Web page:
Welcome to the triple glazing buyer's guide

Make an informed decision about buying triple glazing, let us to assist you in deciding whether triple glazing is right for your needs.

2.1 The structure of triple glazing

There is much more to triple glazing than just assembling 3 sheets of glass.

To maximize the insulating effect the optimum gap required between the panes is about 16mm. Too close together results in radiant heat loss, too far apart leads to creation of gas currents which causes convection current heat losses.

The gap should be filled with inert gas as this provides greater insulation than air due to low thermal conductivity. Argon is commonly used as it is cheap to produce and is about 1/3 better as an insulator than air. Krypton is used in the highest specification units as it has double the insulation property of air.

At least the inner, and ideally also the middle pane should have a low emissivity coating. Also known as K glass, this has a metallic coating on the inner side of the unit. The effect of the coating is to allow short wave length sunlight to enter a room and heat it and to achieve a large reflection on the long wave length sunlight, thus the window minimizes the existing heat loss that exists around all windows. The low emissivity coating is normally made up of a thin layer of metal, preferably indium-oxide, rod-oxide, copper, silver or gold. The low emissivity coating is normally applied straight onto the glass or in certain cases onto a plastic film that then in turn is attached to the glass. Depending on what metal the coating is made of the triple glazing gets different characteristics.

Most glazed units use glass panes of the same thickness, but this is not a necessary requirement. To reduce shear effects on the sealed glaze unit, most standard production units are restricted to a thickness difference of 1mm between consecutive panes.

The key to the structural integrity of the sealed units is the frame. This has to be rigid because any twisting in the unit will shatter the glass.

Early double glazing in the UK used aluminum frames, which are both light and strong. However as a metal, it conducts heat out, so undermines the thermal efficiency of the units. Most double glazing units are now uPVC, generally white, with aluminum internal support, which has better insulation properties.

Triple glazing is usually found with wooden frames, because of its great insulation properties, and relative cheapness in the cold climate countries.

The panes of glass are separated by spacers. Originally metal spacers were employed, but these were effectively cold bridges and reduced the efficiency of the sealed unit. There was also an increased risk of condensation. Now the spacers are usually made from glass fibre.

2.2 Illustrated picture of the structure behind triple glazed windows.

A triple glazed window is so much more that just a few layers of glass and a frame. Below is a detailed description of what a typical triple glazed window looks like. This will make it easier in understanding the terminology of triple glazing.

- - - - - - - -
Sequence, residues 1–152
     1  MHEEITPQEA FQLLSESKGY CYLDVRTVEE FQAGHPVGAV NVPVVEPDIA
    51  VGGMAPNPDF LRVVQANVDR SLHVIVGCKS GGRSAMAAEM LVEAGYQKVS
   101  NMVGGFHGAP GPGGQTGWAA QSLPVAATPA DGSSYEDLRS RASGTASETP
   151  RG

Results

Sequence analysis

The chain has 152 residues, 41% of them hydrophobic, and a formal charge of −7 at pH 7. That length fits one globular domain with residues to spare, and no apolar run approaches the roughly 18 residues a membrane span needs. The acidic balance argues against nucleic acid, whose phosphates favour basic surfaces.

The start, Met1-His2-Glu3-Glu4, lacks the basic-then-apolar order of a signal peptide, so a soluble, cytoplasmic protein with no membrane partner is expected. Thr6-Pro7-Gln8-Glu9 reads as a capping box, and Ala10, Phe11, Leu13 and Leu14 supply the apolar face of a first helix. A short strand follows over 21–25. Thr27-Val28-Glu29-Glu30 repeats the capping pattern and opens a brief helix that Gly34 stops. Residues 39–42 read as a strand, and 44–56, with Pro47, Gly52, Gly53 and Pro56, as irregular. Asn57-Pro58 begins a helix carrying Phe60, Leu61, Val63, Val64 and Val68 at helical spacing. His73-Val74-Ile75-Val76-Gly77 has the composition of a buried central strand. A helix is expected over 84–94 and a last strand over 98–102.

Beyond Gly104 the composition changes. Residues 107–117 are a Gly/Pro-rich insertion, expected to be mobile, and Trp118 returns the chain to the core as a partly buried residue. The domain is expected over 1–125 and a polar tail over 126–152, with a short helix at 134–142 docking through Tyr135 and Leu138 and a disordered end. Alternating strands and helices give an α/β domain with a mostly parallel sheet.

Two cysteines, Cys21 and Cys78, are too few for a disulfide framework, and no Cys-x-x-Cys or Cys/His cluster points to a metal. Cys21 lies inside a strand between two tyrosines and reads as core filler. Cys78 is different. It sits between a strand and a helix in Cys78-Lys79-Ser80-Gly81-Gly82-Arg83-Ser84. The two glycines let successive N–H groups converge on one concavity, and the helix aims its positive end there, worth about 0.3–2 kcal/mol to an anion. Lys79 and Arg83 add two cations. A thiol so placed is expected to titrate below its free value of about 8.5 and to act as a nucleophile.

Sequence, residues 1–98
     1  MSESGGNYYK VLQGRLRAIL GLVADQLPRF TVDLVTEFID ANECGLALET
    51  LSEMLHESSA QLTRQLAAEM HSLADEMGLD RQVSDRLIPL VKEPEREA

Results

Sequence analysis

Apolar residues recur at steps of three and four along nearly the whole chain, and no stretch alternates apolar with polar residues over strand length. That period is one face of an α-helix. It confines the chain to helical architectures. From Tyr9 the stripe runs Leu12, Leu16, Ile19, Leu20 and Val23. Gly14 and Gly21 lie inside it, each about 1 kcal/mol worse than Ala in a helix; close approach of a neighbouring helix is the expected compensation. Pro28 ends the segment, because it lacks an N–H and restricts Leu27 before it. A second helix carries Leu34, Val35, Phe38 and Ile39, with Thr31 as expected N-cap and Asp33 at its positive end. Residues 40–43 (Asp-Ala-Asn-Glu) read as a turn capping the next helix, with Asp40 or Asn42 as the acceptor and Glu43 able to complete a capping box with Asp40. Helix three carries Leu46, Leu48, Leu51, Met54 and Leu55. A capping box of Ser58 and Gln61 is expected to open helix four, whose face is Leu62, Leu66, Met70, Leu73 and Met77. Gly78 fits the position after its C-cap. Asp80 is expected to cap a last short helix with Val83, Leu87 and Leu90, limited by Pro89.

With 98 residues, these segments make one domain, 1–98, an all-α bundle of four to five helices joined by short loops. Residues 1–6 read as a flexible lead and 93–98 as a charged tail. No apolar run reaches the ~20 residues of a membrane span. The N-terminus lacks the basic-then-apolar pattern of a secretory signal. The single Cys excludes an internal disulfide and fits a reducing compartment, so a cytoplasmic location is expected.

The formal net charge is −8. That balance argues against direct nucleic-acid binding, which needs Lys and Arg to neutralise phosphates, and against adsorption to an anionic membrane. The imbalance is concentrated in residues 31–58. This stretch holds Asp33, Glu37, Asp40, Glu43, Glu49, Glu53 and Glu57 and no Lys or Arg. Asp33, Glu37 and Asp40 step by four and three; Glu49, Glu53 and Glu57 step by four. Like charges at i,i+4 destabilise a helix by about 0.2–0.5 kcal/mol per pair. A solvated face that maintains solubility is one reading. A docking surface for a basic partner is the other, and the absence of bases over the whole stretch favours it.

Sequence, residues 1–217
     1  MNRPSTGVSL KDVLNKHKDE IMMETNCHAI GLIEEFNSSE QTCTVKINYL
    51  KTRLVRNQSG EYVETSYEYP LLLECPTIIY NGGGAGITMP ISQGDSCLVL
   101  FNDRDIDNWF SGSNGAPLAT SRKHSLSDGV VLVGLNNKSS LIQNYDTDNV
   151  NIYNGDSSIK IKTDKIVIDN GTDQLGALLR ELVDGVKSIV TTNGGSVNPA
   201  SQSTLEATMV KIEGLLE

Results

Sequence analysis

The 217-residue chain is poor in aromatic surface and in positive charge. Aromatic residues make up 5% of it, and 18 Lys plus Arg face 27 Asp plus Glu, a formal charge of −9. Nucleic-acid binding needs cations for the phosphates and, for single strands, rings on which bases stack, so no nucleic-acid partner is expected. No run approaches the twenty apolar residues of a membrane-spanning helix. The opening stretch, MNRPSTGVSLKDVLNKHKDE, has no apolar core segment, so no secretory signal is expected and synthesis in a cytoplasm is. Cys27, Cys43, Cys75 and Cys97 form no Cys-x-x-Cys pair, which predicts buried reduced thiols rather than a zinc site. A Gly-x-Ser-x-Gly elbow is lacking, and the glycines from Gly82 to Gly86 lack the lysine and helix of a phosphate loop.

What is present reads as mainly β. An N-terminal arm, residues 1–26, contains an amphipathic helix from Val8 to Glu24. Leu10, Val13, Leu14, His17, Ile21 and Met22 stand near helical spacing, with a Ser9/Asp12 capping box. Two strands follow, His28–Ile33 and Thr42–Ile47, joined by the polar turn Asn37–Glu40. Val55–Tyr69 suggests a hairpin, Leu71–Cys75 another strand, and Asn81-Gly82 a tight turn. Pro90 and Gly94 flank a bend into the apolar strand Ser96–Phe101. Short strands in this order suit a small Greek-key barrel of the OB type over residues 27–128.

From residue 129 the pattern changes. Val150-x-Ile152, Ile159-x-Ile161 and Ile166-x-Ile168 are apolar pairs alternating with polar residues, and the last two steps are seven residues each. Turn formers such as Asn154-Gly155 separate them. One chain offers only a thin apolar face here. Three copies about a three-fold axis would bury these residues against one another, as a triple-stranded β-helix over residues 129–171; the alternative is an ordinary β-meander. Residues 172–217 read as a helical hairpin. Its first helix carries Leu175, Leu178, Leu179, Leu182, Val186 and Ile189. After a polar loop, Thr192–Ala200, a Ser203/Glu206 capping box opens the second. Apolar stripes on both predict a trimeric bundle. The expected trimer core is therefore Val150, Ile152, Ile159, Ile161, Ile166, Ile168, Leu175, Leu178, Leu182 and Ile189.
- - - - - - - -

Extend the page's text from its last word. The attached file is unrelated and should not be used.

2.2.1 Bottom Rail

The bottom horizontal part of the sash window.

2.2.2 Top Rail

The top horizontal portion of the sash window.

2.2.3 Sash

An opening part of a window.

2.2.4 Window Latch

Metal hook that locks the sash window in the closed position.

2.2.5 Insulating Glass

Two or more glass panes that are hermetically sealed. The gap between the glass panes contains either dry air or gas.

2.2.6 Coupled Window

Two windows separated by a mullion. (i.e. four panes of glass to clean)

2.2.7 Frame

The part that is attached to the wall.

2.2.8 Fixed/Picture Window

A window with no moving parts or sashes. (i.e. a window that does not open)

2.2.9 Overall Frame Size

Accurate dimensions of the frame, the width is always specified first.
Example: 985 x 1185 mm = one module dimensions (10x12).

2.2.10 Sill

The lower horizontal piece forming the bottom of the window frame.

2.2.11 Mullion

The vertical structural center pillar which divides adjacent windows.

2.2.12 Casing

Decorative trim around interior frame of window.

2.2.13 Espagnolette

Device for locking a casement window - normally mounted on the vertical frame.

2.2.14 Muntin (Muntin Bars)

Strips (of wood or metal) separating and holding panes of glass in a window.

2.2.15 Casement Window

A window that opens from one side, usually attached to its frame by one or more hinges - like a door.

2.2.16 Double glazing or Triple glazing

The number of layers of glass in each window. Triple glazing being more energy efficient.

2.2.17 Cross Post

The horizontal center pillar between the two sash windows.

2.2.18 Tilt and Turn Window

A window system that opens inwardly in two ways. Tilt and turn windows swing completely inwards allowing for easy cleaning. They also tilt at the top to provide good ventilation without leaving the window fully open.


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